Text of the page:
Paul White – Former Royal Marine sentenced for Benefit Fraud

Paul White – Former Royal Marine sentenced for Benefit Fraud



There’s brazen, and then there’s brazen. On 24th February 2015, Paul White was sentenced to two years in prison, suspended for two years, with a condition of undertaking 300 hours unpaid work. There was also an order that he pay £2,500 costs.



Forty six year old Paul White had left the marines for medical reasons in 2001 due to a back injury.  He was signed off sick by his doctor and later received a higher rate of pension due to chronic back pain. He was awarded the higher rate in 2003.

It is not clear whether he was lying at that stage, or if he had a dramatic improvement in his condition, but whilst the claim was ongoing he was clearly in a much better shape that he claimed.

As the Judge said, “You were working in seaborne security and as a bodyguard at the time you were claiming disability benefits but you were also playing golf and doing 10 kilometre runs in less than an hour. At the time you were maintaining the claim that you were only capable of walking 25 metres and that with the aid of a stick. The dishonesty went on for six years and was breathtaking.”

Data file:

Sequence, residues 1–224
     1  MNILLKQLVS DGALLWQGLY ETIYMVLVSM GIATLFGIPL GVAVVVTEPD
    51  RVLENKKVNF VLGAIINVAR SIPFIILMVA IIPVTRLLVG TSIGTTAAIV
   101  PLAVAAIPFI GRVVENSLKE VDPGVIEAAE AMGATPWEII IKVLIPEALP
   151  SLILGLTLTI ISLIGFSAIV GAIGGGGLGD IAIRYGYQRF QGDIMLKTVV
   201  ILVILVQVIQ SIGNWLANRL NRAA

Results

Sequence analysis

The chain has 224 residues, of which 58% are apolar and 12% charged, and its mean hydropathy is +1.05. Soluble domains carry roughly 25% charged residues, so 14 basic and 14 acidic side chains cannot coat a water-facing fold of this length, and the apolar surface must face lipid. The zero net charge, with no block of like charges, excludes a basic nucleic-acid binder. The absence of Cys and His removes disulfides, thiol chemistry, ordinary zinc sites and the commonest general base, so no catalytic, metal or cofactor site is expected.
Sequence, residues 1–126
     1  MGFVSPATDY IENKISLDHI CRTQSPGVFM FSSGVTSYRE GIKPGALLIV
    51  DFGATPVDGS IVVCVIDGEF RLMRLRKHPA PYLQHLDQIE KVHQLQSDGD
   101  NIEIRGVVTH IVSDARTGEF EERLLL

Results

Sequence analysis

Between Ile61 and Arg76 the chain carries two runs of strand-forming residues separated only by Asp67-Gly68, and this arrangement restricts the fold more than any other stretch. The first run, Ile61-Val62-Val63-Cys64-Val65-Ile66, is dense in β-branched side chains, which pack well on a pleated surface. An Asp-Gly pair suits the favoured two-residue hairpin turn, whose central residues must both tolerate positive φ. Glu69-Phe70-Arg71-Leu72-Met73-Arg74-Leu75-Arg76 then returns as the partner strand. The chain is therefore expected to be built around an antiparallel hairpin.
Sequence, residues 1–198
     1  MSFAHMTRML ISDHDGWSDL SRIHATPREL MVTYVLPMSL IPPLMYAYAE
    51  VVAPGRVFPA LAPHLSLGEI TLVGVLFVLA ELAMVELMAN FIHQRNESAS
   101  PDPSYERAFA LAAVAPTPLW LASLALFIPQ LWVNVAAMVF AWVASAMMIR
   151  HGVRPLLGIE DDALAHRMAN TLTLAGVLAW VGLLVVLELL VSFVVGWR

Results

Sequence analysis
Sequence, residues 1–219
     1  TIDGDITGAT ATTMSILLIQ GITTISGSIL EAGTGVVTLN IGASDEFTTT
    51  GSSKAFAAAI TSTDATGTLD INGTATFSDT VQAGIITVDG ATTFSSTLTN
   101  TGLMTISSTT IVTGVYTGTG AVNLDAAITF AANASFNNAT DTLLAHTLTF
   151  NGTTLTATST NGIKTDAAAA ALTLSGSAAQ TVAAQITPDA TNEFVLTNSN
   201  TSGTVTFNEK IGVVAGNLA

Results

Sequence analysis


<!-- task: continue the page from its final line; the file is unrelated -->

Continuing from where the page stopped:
There are new(ish) guidelines for fraud sentencing (p27 for Benefit Fraud). These are not easy to use it is fair to say. We know that the value of it puts it right at the top end of Category 4. The Culpability is harder to say. It doesn’t really fit in with any of them, but given the flagrant dishonesty, it is probably fair to put it in the Higher Culpability bracket.

On this basis, and taking the very top of that box, the starting point is 2½ years so, after giving some credit for a plea of guilty (we are not sure whether it was full credit or not), the figure of 2 years can be explained. The decision to suspend is a separate one, and we don’t know the Judge’s reasons why.

Given that Mr White is not going to prison, we doubt that he would appeal it. On the face of it, the sentence of two years does seem a little high, and we would have thought that 18 months would be more appropriate. As said though, Mr White has little to complain about.


Dan is a barrister at 2 Dr. Johnson’s Buildings practising in crime.


  1. As regards the suspension, it may be (to speculate a little) that the judge thought Mr White was more likely to be able to repay the total of over £50,000 owing (at the rate set by the court of £1,500 a month) if he were to remain in paid employment. That would make some sense, and would be an appropriate exercise of judicial discretion.